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Teeth grinding or bruxism can be a common occurrence at one time or another for many adults. In fact, it is actually more common in children. It is believed that about 30% of all children grind or clench their teeth. Luckily, most kids usually move past grinding or clenching by the time they are a teenager.

Why Do Children Grind Their Teeth?

Kids grind their teeth for similar reasons that adults do. Below you will find a list of the most common causes:

-Stress.

-Jaw Growth.

-Response To Pain (earache or toothache).

-Malocclusion.

-Result Of Losing Teeth.

-Allergies.

How To Tell If Your Child Is A Teeth Grinder?

Many children who grind their teeth in their sleep have no idea they are doing it. In fact, upon waking in the morning they feel no jaw, facial, neck, or shoulder pain. It is usually a parent or sibling who notices it first. However, some children will experience some or all of the symptoms listed above.

What Can Teeth Grinding Do To Your Child’s Dental Health?

Teeth grinding can cause a host of dental complications including:

-Fractured Teeth.

-Abnormal Wear To Crowns Of Teeth.

-Increased Temperature Sensitivity.

-Gum Tissue Recession.

-Jaw Misalignment.

Treatment For Teeth Grinding

Treatment usually includes close monitoring of a child’s teeth grinding. If the teeth grinding continues then a custom made mouthguard may be necessary to protect the teeth from further damage. If the grinding is from stress it is important to talk to your children to see what might be bothering them. Stress induced bruxism can be avoided, however, by talking with kids regularly about their feelings and helping them deal with stress.

Bruxism Conclusion

If you notice your child is grinding his/her teeth bring them in for a complete dental evaluation with your dentist. This will ensure there is no damage and give you the ability to coordinate a good plan going forward.

As we age many changes occur in our bodies including our teeth. Our teeth shift and move over time due to many forces that we control and ones we do not. These forces include tongue movements, lips pushing against our teeth, and how our teeth come together. Below we will review some of these forces in greater detail.

Forces Attempting To Move Our Teeth

-Tongue Habits. The most common is an abnormal tongue thrust. Our tongue places pressure on our teeth through eating, swallowing, and talking. We do not even realize how often our tongue presses against our teeth. If you swallow, you will realize that your tongue presses against your upper teeth. For most of us, this is not an issue but for others with a powerful tongue thrust, this can cause tooth movement over time.

-Lip Habits. The forces that your lips apply to your teeth can actually cause your teeth to move.  A good example is tucking your lower lip behind your upper teeth.  This is especially common in younger children and people who bite their lips when they get nervous. The forces over time can cause those teeth to shift outward.

-Frenum Issues. The frena is the attachment between your lips and tongue to the gum tissues attached to the teeth. The one on the inside by your tongue is called a lingual frenum. The other two are on the inside of your lips and called a labial frenum. The lingual frenum generally does not affect the teeth but can affect eating, speech, and swallowing as it can constrict tongue movement. The labial frenum can play a part in moving the front two teeth apart. To alleviate this your dentist or oral surgeon can remove the labial frenum surgically.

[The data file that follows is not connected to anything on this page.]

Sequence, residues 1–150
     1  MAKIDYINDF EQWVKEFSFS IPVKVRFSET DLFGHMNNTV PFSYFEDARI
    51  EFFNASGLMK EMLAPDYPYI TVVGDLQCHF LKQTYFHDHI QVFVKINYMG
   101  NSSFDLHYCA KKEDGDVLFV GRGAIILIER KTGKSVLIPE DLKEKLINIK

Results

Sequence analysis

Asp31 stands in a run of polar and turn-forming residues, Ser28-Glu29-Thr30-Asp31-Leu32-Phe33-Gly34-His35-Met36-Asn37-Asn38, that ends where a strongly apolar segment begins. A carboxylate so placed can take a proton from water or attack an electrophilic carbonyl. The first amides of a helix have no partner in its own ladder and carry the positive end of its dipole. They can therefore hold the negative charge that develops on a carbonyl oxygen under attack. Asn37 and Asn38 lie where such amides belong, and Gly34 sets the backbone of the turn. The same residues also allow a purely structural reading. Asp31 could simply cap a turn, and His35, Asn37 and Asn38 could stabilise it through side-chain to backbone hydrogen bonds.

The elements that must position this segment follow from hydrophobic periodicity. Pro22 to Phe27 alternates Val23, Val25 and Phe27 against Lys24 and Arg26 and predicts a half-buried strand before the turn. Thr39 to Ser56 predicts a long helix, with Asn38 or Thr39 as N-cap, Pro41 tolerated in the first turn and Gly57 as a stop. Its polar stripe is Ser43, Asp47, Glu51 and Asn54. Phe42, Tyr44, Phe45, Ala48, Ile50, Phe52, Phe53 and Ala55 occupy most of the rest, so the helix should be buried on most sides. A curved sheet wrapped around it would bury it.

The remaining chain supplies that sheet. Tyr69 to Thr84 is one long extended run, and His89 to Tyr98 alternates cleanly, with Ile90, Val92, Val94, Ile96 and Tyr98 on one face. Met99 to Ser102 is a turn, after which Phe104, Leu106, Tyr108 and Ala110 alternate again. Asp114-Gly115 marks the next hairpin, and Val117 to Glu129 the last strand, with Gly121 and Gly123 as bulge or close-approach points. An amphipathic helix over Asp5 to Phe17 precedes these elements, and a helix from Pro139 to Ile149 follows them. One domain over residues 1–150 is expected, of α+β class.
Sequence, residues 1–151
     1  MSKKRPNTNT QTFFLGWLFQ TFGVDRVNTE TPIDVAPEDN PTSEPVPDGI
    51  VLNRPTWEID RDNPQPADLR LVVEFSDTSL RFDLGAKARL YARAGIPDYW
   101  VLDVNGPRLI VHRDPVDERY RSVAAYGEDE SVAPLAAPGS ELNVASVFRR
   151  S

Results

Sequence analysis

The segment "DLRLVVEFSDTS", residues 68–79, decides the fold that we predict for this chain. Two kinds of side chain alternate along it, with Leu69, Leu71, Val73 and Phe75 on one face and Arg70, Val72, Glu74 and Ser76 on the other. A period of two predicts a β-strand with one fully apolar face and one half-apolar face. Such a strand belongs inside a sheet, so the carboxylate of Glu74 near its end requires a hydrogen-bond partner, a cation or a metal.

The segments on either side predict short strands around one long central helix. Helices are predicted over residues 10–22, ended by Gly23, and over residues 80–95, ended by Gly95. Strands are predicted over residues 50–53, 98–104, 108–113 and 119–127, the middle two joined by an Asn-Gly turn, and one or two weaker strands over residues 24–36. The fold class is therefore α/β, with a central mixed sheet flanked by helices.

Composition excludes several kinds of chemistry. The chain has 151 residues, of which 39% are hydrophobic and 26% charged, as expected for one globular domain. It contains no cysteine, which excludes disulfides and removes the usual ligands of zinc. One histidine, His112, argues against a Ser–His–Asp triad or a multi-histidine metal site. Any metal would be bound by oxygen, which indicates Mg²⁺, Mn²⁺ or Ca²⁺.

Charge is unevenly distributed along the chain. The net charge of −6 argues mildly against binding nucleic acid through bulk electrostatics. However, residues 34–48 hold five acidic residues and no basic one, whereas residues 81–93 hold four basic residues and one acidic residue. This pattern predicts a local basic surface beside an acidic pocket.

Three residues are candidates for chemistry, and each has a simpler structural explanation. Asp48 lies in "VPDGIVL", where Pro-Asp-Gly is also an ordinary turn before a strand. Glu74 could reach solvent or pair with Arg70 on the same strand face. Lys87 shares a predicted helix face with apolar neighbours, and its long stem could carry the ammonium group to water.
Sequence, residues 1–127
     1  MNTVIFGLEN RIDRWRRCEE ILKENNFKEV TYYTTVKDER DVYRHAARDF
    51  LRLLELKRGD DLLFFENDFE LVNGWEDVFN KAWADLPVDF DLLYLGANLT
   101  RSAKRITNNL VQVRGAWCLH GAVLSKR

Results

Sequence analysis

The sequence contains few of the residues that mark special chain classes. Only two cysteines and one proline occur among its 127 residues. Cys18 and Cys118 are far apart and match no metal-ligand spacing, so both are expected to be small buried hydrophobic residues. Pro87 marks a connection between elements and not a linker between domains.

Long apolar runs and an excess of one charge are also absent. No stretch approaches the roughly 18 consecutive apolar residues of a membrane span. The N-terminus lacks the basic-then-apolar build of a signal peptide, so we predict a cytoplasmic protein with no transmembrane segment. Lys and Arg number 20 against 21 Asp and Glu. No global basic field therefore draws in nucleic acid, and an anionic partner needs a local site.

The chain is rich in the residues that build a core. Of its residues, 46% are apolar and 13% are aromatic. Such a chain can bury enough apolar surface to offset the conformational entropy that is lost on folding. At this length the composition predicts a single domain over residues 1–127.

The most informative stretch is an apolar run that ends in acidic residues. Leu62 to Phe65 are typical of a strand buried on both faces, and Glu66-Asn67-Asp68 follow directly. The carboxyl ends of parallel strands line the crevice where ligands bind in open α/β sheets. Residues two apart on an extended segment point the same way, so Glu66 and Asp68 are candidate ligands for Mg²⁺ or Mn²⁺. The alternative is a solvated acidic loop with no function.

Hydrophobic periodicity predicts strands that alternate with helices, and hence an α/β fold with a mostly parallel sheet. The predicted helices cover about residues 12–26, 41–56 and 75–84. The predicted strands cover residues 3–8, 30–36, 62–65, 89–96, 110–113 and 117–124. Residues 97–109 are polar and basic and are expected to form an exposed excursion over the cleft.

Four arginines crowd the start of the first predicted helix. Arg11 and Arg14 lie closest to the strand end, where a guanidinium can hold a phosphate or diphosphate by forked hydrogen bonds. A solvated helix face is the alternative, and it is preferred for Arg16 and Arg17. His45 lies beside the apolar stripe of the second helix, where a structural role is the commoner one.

-Forces From Our Teeth. Our teeth are in a constant state of pressure from each other.  Normally when you bite together, your teeth touch and rest in a certain position.  This position is known as centric occlusion.  Normally, the top teeth oppose the bottom teeth and keep them in line. However, if you lose a tooth or a tooth becomes badly damaged from trauma or tooth decay space opens up. The teeth on either side of the lost tooth move, as will the tooth that opposes it. For example, if you lost a lower tooth, the tooth on the upper jaw that normally hits it would start to grow down slightly to fill in the space and the adjacent teeth to the lost tooth would start to lean in towards the empty gap.

-Genetics. Our body is hardwired with a set of instructions and our genetics determine if our teeth will be straight or not.

-Tooth Decay. If left untreated, your tooth will eventually break down changing its shape and size. This will open space up causing our teeth to shift into that space. Also, a tooth restored improperly can also change the tooth’s relationship to the other teeth causing changes as well.

-Age. As we age, the area between the teeth starts to wear away. When this happens, the enamel begins to thin out. And, because the lower teeth are inherently thinner, they wear out faster. The more wear and tear on the lower teeth, the less able they are to withstand the force of the top teeth when biting down, resulting in shifting.

-Teeth Grinding (Bruxism). Teeth grinding forces the lower jaw forward and puts tension on the upper teeth. The continual thrusting affects the position of the upper arch, pushing it out of alignment.

Conclusion

As you can see, there are many different forces that are constantly acting on your teeth that could cause them to move. It is important to treat those forces that you can control. See your dentist if you feel your teeth are shifting to avoid future issues.

Stress is the body’s internal and external reaction to a change that requires a physical, mental or emotional response. Stress can come from any situation or thought that makes you feel frustrated, angry, nervous, or anxious.

Too much stress is known to be bad for us but did you know that stress can also cause issues to your dental health?

Dental Issues That Can Be Caused By Stress

Poor Dental Hygiene

When a person is under stress they tend to lose focus on basic habits and this includes being diligent with maintaining their dental hygiene. If you do not take care of your dental hygiene, your dental health as well as your general health will begin to suffer. This is especially true if you already suffer from periodontal disease as skipping any part of your dental hygiene program can worsen the periodontal disease. Another issue with being under stress is your nutrition changes. Most people dealing with stress tend to develop very unhealthy eating habits. This can include snacking on larger than normal amounts of sugary foods and drinks. These changes will increase your risk for tooth decay.